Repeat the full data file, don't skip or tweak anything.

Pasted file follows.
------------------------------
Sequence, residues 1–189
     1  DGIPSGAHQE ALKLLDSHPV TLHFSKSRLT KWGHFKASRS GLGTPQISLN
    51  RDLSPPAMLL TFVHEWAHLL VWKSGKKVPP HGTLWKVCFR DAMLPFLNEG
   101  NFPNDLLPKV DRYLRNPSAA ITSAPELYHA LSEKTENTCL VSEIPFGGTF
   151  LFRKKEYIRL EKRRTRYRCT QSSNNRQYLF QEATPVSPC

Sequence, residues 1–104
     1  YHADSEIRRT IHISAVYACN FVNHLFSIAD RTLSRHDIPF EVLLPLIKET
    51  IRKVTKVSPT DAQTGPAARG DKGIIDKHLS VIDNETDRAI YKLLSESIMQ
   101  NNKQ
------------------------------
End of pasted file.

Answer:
Sequence, residues 1–189
     1  DGIPSGAHQE ALKLLDSHPV TLHFSKSRLT KWGHFKASRS GLGTPQISLN
    51  RDLSPPAMLL TFVHEWAHLL VWKSGKKVPP HGTLWKVCFR DAMLPFLNEG
   101  NFPNDLLPKV DRYLRNPSAA ITSAPELYHA LSEKTENTCL VSEIPFGGTF
   151  LFRKKEYIRL EKRRTRYRCT QSSNNRQYLF QEATPVSPC

Sequence, residues 1–104
     1  YHADSEIRRT IHISAVYACN FVNHLFSIAD RTLSRHDIPF EVLLPLIKET
    51  IRKVTKVSPT DAQTGPAARG DKGIIDKHLS VIDNETDRAI YKLLSESIMQ
   101  NNKQ